A Respect for Light: The Latin American Photographs/1974-2008
Foreword by Vince Aletti
A Respect for Light: The Latin American Photographs 1974-2008, his magnum opus, presents the full breadth of the artist's work, culled from over three decades of travel in sixteen different countries. The book showcases Algaze's deep appreciation and understanding of the nuances of light—sunlight pouring in through church windows, illuminating a pair of teacups on a café table, casting late-afternoon shadows on a cobblestoned street.TheLos Angeles Timesdescribes Algaze's vision as one that "crystallizes experience as deftly as a poet. His photographs are remarkable for their concentrated richness, exquisite timing and finely tuned sense of rhythm, pattern and texture."
About the Authors:
Mario Algazewas born in Havana, Cuba in 1947. In 1960, one year after the end of the Cuban Revolution, Algaze and his family relocated to Miami, where he later studied art at Miami Dade College. Learning photography in 1970 opened up his world to extensive travels documenting the land and people of sixteen different Latin American countries. His portraits of celebrities and other artists from this time period were published in magazines such as Vanidades and Zoo World. In 1999, he returned to Cuba for the first time since his original departure. The photographer has received fellowships from the United Nations and the National Endowment for the Arts. His work has been featured in more than fifty solo and group exhibitions across the United States and has been collected by institutions such as the Museum of Fine Arts in Houston and the Museum of Photographic Arts in San Diego. When Algaze is not travelling, he resides in Miami with his wife.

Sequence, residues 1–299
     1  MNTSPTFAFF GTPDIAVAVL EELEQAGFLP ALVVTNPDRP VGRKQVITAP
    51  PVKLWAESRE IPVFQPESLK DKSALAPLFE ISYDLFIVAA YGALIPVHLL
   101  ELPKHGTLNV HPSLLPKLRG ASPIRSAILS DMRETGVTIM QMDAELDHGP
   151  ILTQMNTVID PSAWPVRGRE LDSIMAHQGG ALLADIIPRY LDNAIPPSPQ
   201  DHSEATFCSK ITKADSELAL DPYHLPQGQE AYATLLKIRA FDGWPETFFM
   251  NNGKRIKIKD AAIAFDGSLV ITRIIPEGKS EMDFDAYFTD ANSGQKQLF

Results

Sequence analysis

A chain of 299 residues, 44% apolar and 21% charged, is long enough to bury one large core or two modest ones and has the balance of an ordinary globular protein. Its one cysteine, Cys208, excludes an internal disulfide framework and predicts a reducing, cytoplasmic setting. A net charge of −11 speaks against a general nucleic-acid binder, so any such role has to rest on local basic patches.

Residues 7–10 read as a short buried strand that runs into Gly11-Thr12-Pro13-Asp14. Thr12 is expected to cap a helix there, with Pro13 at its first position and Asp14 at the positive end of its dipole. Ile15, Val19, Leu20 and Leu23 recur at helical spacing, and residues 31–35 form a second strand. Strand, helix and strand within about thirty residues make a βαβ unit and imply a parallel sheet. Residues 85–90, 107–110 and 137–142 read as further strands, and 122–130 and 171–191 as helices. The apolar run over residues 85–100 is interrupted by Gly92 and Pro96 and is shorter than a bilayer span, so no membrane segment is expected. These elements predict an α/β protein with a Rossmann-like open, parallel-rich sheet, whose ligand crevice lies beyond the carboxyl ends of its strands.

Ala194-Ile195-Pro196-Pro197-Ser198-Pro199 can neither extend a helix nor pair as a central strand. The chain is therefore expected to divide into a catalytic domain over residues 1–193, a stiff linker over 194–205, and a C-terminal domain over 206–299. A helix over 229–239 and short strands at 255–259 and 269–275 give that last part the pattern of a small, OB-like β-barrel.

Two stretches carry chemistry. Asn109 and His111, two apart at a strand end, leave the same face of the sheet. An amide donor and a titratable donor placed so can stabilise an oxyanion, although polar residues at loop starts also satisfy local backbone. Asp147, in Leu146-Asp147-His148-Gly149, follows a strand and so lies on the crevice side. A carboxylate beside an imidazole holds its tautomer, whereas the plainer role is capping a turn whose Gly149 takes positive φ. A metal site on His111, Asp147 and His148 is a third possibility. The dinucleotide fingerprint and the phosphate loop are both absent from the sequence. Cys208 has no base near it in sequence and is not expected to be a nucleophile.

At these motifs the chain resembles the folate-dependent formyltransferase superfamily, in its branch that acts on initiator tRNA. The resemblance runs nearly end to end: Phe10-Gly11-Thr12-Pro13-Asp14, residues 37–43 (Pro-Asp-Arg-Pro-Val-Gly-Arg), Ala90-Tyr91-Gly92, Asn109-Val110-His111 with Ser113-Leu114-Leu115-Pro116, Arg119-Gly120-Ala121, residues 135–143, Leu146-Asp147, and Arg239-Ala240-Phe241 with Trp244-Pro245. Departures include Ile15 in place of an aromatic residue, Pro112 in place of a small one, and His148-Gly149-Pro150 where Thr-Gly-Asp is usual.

Vince Aletti is one of the foremost photography critics of our time. He has spent the last forty years studying, curating, and reporting on culture. He regularly reviews photography exhibitions forThe New YorkerandPhotograph Magazine. His work has also appeared inAperture,Art+ Auction, andphotowork. Aletti was the art editor of theVillage Voicefrom 1994 to 2005 and the paper’s photography critic for twenty years. In 2005, he won the International Center of Photography’s Infinity Award for writing. He lives in New York City.